Even though this is the depth of the Great Depression and Amanda sees women all about her working as long and strenuously as men just to put another meal on their tables, she refuses to let go of the "correct" social ideas with which she was indoctrinated in her spoiled childhood. When Laura hides from a rare dinner guest, Amanda sees no problem with putting on a too-fancy dress and taking over the spotlight as if she is a teenager herself.
Where Tom longs for a different life while existing in the world as it is, Amanda refuses to accept that her own life has changed from her early "glory" days.
Laura is really the focal point of the play. She is the truly lost spirit in the Wingfield family. Tom has some ability to function in the real world, and Amanda recognizes what it can offer those who are lucky enough to "deserve" it, but Laura rejects reality almost entirely.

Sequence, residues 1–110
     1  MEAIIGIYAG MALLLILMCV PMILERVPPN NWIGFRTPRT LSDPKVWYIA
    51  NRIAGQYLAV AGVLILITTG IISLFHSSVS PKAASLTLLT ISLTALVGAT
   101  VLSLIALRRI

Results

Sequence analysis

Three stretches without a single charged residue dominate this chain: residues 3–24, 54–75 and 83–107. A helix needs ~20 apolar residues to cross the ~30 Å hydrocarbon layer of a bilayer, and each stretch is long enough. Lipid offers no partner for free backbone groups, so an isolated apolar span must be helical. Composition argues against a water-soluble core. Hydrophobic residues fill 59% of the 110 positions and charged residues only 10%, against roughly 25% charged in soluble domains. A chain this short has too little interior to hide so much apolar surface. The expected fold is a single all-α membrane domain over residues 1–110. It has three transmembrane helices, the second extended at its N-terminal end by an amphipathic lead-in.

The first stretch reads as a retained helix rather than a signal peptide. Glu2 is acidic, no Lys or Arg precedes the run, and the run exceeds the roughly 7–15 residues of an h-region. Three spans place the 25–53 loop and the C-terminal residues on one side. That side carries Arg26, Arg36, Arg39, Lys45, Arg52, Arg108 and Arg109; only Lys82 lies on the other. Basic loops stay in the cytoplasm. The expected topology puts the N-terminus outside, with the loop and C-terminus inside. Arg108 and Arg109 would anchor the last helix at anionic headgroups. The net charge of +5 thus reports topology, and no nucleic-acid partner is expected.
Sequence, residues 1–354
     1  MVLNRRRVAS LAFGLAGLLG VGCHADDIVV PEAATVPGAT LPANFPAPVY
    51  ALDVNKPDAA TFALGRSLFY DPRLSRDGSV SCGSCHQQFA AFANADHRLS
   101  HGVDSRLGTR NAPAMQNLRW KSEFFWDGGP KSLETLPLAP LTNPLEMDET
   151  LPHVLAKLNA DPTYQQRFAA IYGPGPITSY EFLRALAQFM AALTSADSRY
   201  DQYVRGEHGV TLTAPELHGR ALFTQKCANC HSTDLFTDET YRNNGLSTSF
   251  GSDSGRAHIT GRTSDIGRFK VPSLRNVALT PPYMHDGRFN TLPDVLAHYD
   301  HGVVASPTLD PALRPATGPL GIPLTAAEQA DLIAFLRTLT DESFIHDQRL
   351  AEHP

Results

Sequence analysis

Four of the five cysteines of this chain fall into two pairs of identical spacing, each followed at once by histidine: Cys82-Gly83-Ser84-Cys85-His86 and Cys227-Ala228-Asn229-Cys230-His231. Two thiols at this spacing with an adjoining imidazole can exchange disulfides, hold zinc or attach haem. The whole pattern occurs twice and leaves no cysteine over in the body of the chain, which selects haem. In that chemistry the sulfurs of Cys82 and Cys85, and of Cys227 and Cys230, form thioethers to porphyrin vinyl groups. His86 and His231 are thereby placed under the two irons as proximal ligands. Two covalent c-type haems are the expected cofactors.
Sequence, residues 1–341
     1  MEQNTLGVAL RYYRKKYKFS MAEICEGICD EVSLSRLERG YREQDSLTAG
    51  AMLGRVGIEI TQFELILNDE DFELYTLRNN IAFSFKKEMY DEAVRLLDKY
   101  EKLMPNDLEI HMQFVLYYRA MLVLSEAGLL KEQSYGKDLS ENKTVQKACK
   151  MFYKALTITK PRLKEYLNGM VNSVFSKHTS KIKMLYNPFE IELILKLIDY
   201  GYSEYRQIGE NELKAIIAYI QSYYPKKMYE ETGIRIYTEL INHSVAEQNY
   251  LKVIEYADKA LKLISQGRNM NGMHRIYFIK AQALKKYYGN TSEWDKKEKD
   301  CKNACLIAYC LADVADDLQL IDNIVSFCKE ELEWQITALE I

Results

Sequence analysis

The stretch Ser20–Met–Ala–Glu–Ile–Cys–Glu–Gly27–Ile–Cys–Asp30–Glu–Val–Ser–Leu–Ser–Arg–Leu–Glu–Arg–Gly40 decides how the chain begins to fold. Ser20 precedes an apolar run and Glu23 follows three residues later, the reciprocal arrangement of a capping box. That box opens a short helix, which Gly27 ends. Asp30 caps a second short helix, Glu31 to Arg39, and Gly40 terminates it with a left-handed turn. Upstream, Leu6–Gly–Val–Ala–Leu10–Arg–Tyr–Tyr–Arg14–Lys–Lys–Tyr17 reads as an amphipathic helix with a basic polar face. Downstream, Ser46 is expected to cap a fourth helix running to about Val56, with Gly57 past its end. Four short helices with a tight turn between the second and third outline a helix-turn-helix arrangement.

Though she is an attractive young woman, Laura has always been intimidated by her mother and the tales of the wonderful days of her privileged childhood (Tolan, 72). She also is forced to wear a leg brace, which she instinctively realizes disqualifies her as one of the special girls in her mother's eyes.
Laura is afflicted with crushing shyness. When Amanda enrolls her in business school to help combat this (as well as in hopes that Laura will become the success in business that Tom has failed to be), Laura endures a few weeks of this life in the real world, but her shyness eventually drives her to secretly drop out of the classes. She spends the time wandering about the city, dreaming (Williams, 13).